In addition, the diversity amongst the collaborating municipalities negatively affected the use of EHR and was found to be a barrier to communication and information sharing. This was also the case related to judicial issues that prohibited access to necessary patient information across municipal borders. These barriers are related to a lack of an overarching facilitation of needs regarding communication and information sharing in inter-municipal services.

In recent decades there has been a shift away from information protection to information sharing across organisations [5]. Findings in the present study indicate that in the context of inter-municipal healthcare services, this is not the case. Findings suggest a tension between patient information privacy protection and the possibility of effective and qualitatively good services through IMC, requiring information sharing to facilitate continuity of care. Policy and information infrastructure do not enable sharing of sensitive patient information across municipal borders, but political reforms [36] promote this way of organizing health services. This creates barriers for employees in the services, as policy and practice represent opposites.

Differences were found to be a barrier to communication and information sharing. In the literature on inter-organisational integration and collaboration, one finds structural barriers such as different administrative boundaries, different laws and regulations, different information systems and databases [47, 48]. The present study indicates that this is also an important factor to be addressed in inter-municipal healthcare services, as it represents a barrier to communication and information sharing among the employees. The individual municipalities are structured bureaucratically and are shaped by local needs, resulting in a culture that treats information sharing in different ways. Differences is also related to barriers concerning lack of awareness. Awareness is described as “…an understanding of the activities of others, which provides a context for your own activity. This context is used to ensure that individual contributions are relevant to the groups activity as a whole,” [49] (p. 107). A lack of awareness was identified in terms of where employees were, when they were present, what information was received, how information was received and what was done with the information received. When inter-municipal employees work across different municipalities, much is required of them regarding knowledge of local procedures to be followed. The diversity amongst the municipalities challenges the possibility for employees to be aware of the locally adapted procedures regarding communication and information sharing; hence, this is specifically relevant to inter-municipal cooperation. When facilitating eHealth, infrastructure standards regarding interoperability, terminology and nomenclature are crucial [29], and support our findings that differences are factors that serve as barriers to information sharing.

Our study found barriers related to inter-organisational information sharing that were closely related to barriers regarding intra-organisational and intra-personal information sharing. As pointed out by Yang and Maxwell [5], the inter-organisational information sharing is interrelated with intra-organisational information sharing and intra-personal information sharing. Even though information was transferred from the inter-municipal service to the municipal service, there were inadequate routines in the municipalities to ensure that information was effectively and efficiently addressed. Intra-personal information sharing in various and random settings ensured necessary communication, and there was a need for multiple communication methods to ensure the information was received and handled properly. The traditional work processes among municipal actors had not been re-engineered due to the implementation of new inter-municipal services; as a consequence, information sharing routines were not in place. Our findings support the importance of addressing inter- and intra-organisational and intra-personal information sharing in inter-municipal healthcare services.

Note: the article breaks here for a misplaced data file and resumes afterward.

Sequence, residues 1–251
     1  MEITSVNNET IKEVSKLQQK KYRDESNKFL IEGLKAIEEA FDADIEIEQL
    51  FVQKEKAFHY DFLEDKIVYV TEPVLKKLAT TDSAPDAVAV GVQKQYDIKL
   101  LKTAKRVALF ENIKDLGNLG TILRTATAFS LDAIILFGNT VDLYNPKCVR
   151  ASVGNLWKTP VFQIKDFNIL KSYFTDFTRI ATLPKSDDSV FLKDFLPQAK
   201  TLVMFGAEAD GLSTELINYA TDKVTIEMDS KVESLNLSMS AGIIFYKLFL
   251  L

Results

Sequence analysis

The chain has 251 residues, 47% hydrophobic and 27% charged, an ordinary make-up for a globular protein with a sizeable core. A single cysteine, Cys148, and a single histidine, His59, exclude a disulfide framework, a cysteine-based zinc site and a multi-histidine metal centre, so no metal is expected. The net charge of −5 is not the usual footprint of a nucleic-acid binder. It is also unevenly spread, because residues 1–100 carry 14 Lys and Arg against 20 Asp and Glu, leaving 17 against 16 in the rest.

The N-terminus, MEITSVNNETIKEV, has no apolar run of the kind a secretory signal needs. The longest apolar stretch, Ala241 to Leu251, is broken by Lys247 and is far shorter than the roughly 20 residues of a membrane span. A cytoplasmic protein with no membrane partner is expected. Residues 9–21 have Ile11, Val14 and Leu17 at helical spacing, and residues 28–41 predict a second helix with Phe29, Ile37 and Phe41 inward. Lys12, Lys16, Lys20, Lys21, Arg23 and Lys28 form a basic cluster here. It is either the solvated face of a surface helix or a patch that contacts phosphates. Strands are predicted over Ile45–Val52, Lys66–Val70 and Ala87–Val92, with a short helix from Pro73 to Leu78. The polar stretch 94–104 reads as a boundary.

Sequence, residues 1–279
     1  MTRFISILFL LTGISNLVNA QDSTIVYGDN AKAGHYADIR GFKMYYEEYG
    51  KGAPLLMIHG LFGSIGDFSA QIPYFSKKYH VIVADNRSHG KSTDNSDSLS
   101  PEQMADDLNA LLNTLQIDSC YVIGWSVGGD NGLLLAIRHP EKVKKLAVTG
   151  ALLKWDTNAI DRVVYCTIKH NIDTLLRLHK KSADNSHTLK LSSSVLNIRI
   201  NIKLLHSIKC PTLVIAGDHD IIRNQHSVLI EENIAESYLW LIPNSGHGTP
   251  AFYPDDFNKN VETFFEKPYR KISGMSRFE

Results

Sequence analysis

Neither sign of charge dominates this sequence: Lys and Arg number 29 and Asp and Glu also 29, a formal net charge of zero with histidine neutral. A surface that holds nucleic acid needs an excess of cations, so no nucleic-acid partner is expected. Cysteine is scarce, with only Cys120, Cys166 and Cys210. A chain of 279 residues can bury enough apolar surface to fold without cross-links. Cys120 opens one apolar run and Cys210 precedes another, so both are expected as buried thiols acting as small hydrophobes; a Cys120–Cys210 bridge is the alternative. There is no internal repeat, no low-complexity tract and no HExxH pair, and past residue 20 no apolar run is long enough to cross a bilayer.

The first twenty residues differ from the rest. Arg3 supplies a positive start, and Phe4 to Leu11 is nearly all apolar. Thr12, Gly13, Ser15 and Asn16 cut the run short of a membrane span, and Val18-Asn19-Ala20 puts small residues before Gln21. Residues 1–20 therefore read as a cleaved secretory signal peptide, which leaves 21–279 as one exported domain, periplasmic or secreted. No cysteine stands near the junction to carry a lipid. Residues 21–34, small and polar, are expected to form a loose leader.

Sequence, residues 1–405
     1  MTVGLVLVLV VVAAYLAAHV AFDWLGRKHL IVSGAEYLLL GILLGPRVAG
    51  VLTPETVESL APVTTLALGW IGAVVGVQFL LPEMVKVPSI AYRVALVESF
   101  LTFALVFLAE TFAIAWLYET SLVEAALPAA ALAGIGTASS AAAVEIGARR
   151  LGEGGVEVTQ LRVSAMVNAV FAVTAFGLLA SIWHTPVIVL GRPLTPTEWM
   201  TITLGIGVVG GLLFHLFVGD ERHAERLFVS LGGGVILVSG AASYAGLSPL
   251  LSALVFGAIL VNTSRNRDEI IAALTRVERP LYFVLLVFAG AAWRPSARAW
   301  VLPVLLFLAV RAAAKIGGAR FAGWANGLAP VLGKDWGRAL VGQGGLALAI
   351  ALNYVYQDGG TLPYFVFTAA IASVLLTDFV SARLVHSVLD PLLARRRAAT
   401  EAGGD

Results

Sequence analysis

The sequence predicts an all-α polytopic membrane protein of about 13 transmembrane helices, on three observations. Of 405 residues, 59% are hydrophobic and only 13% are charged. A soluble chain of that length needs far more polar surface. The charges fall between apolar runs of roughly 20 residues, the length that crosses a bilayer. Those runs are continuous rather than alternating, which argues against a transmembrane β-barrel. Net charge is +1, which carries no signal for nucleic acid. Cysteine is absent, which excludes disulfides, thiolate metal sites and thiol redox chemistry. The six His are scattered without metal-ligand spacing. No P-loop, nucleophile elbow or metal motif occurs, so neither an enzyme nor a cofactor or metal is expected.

The complexity of the public sector has been widely addressed and has often been referred to as containing “wicked problems” [5052]. Wicked problems are described to be unstructured, implying challenges regarding identification of causes and effects and therefore little consensus on the problem or solution [51]. Our findings identified a lack of preparation regarding information sharing needs in inter-municipal cooperation. Theory regarding wicked problems, nevertheless, implies that it is not possible to get a full view of the needs prior to establishment. This suggests that in addition to identifying information sharing needs in IMC, it is important to establish a strategy for how to manage challenges that arise along the way. Flexibility and the ability to adapt are regarded as positive traits of networks [16], and are a strategy for solving problems. They appear to have the potential to be a feasible strategy regarding information sharing in inter-municipal healthcare services. Information sharing is characterised by a continual development, due to the ongoing changes in the context, such as implementation of electronic messaging, the striving for commonalities in cooperating municipalities and so on. Findings suggest that the dilemma between the flexible nature of the IMC and the bureaucratic nature of the municipality creates challenges in anchoring the service. Changes and remedies can occur rapidly in the IMC, while the structures in the municipalities are inflexible and change takes more time.

Practice and policy implications